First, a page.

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Geochemical and Microbial Controls of Groundwater Quality in Northwestern Liberia
AdvisorApambire, Braimah W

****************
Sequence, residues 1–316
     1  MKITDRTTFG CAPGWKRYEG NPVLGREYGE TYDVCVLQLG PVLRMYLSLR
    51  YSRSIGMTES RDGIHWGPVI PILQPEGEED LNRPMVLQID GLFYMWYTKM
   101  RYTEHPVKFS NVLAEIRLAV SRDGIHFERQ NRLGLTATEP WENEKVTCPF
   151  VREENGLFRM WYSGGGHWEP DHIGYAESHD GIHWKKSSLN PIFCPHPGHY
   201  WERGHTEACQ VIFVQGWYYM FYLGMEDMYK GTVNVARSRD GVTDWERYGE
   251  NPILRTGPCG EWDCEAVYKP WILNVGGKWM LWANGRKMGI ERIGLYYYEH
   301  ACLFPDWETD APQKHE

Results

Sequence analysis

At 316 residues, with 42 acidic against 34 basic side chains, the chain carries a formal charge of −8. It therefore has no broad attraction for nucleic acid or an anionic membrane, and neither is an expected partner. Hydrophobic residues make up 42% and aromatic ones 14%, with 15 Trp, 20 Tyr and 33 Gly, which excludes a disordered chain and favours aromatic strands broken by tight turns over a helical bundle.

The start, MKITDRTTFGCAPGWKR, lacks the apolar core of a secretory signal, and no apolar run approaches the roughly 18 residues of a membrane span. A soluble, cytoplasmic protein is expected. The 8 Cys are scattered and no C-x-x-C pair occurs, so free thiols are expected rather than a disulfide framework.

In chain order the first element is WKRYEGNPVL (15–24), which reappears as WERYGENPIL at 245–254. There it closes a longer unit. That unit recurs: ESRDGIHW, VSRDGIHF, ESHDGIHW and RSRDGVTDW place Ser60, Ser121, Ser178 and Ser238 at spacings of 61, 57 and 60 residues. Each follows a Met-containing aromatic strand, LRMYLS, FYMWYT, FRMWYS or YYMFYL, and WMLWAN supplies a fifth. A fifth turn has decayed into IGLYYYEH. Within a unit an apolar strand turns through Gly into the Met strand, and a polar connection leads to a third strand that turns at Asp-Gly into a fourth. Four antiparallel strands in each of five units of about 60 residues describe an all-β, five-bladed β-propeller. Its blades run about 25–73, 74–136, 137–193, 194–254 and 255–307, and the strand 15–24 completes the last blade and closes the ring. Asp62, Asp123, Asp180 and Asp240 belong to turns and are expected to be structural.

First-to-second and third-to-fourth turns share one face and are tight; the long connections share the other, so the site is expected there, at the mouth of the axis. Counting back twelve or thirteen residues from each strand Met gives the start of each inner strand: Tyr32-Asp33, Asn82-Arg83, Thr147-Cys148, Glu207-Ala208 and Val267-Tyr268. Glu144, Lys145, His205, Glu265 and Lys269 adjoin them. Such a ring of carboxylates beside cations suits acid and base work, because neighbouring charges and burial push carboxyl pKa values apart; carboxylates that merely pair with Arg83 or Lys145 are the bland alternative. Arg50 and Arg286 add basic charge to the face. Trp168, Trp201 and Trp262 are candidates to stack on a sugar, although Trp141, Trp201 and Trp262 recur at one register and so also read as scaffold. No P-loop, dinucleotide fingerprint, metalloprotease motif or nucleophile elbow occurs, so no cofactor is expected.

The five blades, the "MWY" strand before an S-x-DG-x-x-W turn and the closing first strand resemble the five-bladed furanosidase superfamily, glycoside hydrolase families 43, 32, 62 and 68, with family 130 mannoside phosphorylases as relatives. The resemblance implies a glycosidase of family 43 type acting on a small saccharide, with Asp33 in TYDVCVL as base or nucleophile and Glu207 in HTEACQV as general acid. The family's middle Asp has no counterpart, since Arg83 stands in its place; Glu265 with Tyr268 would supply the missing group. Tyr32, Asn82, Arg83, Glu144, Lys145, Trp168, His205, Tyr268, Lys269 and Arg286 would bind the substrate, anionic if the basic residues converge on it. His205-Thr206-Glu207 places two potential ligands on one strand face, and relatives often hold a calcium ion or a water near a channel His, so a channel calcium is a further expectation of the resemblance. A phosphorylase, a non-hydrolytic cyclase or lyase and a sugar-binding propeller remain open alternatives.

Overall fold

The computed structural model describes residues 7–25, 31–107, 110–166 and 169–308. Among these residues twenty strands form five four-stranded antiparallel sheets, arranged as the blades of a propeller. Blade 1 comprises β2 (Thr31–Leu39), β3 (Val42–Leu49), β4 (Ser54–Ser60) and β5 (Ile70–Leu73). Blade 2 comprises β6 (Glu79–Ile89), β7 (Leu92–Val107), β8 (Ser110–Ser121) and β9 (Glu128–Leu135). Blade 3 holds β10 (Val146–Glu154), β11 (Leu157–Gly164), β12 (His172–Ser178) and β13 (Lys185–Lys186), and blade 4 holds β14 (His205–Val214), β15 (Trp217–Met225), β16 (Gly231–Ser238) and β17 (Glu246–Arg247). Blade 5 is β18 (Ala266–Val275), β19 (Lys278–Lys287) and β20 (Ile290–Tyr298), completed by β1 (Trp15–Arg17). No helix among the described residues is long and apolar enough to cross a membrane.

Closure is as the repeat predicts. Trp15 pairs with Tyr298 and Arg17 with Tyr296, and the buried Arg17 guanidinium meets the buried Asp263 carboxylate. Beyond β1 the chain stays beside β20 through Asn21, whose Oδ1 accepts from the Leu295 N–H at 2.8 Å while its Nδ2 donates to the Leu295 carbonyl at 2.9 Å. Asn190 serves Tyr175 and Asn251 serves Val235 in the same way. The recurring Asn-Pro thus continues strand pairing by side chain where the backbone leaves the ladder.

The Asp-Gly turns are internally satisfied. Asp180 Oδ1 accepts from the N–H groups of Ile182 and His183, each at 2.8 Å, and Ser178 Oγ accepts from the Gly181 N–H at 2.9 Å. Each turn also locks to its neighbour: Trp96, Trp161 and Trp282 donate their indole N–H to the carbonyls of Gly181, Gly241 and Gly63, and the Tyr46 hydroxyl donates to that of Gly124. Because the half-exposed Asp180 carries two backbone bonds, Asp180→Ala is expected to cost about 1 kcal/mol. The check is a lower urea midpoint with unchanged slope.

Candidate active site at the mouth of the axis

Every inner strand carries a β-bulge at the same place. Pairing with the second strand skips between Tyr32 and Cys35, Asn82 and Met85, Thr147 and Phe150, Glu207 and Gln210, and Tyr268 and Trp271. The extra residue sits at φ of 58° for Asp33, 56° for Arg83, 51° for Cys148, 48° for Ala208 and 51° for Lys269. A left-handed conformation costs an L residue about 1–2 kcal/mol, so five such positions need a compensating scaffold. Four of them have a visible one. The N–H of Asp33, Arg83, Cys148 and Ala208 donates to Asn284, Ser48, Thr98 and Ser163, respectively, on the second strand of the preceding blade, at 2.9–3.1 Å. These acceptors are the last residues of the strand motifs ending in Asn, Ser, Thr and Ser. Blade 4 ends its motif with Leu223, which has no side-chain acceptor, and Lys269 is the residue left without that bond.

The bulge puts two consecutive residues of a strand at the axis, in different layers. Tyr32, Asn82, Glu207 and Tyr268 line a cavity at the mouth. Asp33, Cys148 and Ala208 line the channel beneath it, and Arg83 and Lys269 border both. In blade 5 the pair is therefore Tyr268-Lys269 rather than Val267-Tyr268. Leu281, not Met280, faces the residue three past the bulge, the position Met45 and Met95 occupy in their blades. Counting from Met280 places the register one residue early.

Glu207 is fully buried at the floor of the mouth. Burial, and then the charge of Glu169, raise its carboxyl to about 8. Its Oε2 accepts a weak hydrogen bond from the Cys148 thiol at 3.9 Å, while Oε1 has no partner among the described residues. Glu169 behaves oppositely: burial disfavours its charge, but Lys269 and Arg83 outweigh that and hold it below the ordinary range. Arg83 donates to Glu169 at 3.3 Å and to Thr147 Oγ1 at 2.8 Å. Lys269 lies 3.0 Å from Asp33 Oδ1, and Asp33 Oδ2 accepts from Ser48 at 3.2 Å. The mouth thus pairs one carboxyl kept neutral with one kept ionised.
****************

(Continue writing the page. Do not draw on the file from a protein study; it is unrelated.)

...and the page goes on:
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Years of conflict, political instability, and national emergencies have left behind very little information on water resources in Liberia, West Africa. This research leverages major ion and trace element analysis, Escherichia coli (E. coli) field tests, and high-throughput sequencing of microbial 16S rRNA genes to address these gaps and develop a comprehensive snapshot of groundwater quality in the region surrounding Monrovia, the capital city. A novel protocol to collect and preserve microbial DNA from groundwater under tropical field conditions lacking a constant source of electricity was employed and yielded high quality DNA sequences of bacterial and archaeal phylogenetic marker genes.Multivariate compositional data analysis methods were used to investigate geochemical processes impacting groundwater quality throughout the study area. Low conductivity, low pH groundwaters were found to dominate the system with the majority of geochemical variability in the water samples attributed to surficial inputs both natural and anthropogenic. The implicated low buffering capacity of the groundwater system suggests a high risk associated with mining operations in Liberia. From a public health perspective, nitrate contamination, attributed to widespread but localized infiltration of human and or animal waste/fertilizer(s), was identified as the most important chemical water quality issue. Sulfate was found to be indicative of urban water cycling processes.Although nitrate, arsenic, and lead concentrations exceeded WHO guidelines in several wells, E. coli was identified in 39% of all groundwaters analyzed, suggesting fecal contamination as the most significant regional water quality risk to human health. Deeper wells had significantly (p < 0.05) lower probability of E. coli contamination, with no E. coli encountered in any well greater than 22 meters deep. Sequencing of 16S rRNA genes revealed highly variable microbial community compositions. Surficial inputs are suggested as the major drivers of microbial diversity and community composition. Groundwaters that tested positive for E. coli in the field were found to have significantly higher estimates of microbial alpha diversity (p < 0.05) than groundwaters that tested negative. Additionally, nitrate, silica, pH, and several other geochemical constituents were found to be strongly correlated with shifts in microbial community structure.The identification of a wide diversity of pathogen-associated bacteria to the genus and species level suggests that microbial contamination is more widespread than indicated by the E. coli field test alone. Results highlight the vulnerability of aquifers in Liberia to contamination and call for an increased investment in the water supply infrastructure and enhanced monitoring of chemical and microbial constituents throughout the country. This work will help the government of Liberia establish baseline water-quality conditions and provides an initial set of water resource databases to improve water-quality monitoring capacity.